When you create a strategy for your e-commerce business, and the main goal is to provide a seamless customer experience, I believe there are some key areas you need to consider. By doing so, you will be able to increase your chances of creating a Unified Commerce strategy that enables customers to shop on their own terms.
Using this checklist provides you with an ideal oppounity to approach your ecommerce strategy from both your customers’ and your company’s perspective. Here is the checklist in 4 different steps:
1. Start with a vision
I recommend that you start with a vision; where you want to be in the future. This vision should be attractive, and reachable. A really good vision also includes a purpose for the company. It could also include figures that motivate your vision. These can be hard figures, meaning numbers, or soft figures such as a Customer Satisfaction Index (CSI). Your vision will benefit from being “visualised”, and it is also wise to include the benefits for your customers.
I believe you should include the right stakeholders at this stage and get them involved them when it comes to working on the vision. And last but not least; anchor the vision amongst your top management. As e-commerce is the core strategy for many companies and it affects many parts of an organisation, this should not be too difficult.
2. Perform an As-Is analysis
In order to know where you’re going, a good start is an As-Is analysis. Tools you can use for this include the SWOT model (Strength, Weaknesses, Opportunities and Threats), covering where you are now and where you want to go (Vision). You can also use the PEST model (Political, Economic, Socio-Cultural and Technological) to analyse your status quo.
It’s important to understand the situation concerning your legacy system. Therefore you need to map out the existing system flora and what the key integrations are, since these will be an important foundation in the next phase. This is also important as it helps you understand what’s working well and what’s not and why.
3. Conduct a Unified Commerce analysis
When you carry out your Unified Commerce analysis, there are certain areas you should check you have covered – or confirm that there is no need to cover. However, these areas consist of different opportunities, functionalities, complexity, channel integrations, and the need for system support and a lot more.
Unified Commerce is all about providing an optimised shopping experience across all touchpoints and contacts with the customer. Therefore every area should end up with identified activities, functionalities, definitions of how to fulfill customer needs or likewise. This allows yout to estimate, prioritise and budget what to do in the next steps.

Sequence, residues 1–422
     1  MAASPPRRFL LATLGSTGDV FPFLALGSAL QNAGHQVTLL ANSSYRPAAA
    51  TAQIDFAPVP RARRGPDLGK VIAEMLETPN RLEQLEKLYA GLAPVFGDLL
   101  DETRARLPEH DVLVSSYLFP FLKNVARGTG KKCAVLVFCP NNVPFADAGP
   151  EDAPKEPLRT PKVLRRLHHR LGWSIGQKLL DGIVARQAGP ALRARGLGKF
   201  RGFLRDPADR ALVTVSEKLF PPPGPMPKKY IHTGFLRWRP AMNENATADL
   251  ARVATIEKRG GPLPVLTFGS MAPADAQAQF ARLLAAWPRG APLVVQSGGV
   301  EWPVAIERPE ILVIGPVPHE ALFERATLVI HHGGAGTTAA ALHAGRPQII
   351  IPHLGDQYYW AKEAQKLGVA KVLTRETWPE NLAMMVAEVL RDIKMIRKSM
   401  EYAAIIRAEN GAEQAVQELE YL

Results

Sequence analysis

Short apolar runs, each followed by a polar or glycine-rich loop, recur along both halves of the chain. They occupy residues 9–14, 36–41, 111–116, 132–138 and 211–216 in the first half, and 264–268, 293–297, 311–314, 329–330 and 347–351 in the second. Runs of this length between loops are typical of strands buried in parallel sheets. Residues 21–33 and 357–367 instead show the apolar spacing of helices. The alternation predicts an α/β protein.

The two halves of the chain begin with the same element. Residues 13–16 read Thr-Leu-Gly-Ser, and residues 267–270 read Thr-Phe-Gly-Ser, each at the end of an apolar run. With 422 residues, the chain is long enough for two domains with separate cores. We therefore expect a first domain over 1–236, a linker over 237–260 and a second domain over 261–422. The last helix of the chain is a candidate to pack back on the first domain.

This is what I recommend you go through when conducting your Unified Commerce analysis:
- Product information management
- Order management
- Customer relationship management
- User experience
- Digital marketing
- Digital in store
- Point of sales
- Analytics / analysis
- Customer service
- Cross channel
- Requirement gathering & analysis
4. Build the business case
An important part of your Unified Commerce strategy involves building a business case. What are the benefits, opportunities and the value of the proposed strategy and activities? How can you measure success? How can you make the case and what does it cost in the short and long term? And what resources are needed?
When it comes to a Unified Commerce strategy you can benefit from thinking about it as a program and in terms of a roadmap where you need to do things in a certain order. You may for example need to think about an infrastructure for certain areas before you can take the next step. This is common when it comes to a more extensive strategy that has a major impact on the organisation.
Depending on how complex your strategy is to implement, you will be able to choose between different models. You can use tools such as a/an: effect model, cost benefit analysis, ROI (return on investment), business impact analysis, business model canvas, business case priority model, and more. You can also include measurement methods such as a customer satisfaction index, an employee satisfaction index, internal efficiency and more.
Good luck with your Unified Commerce strategy. If you are interested in more information on how to be successful with a Unified Commerce strategy you can download our white paper on this topic at www.starrepublic.com where all these areas are covered in depth.
CBO Star Republic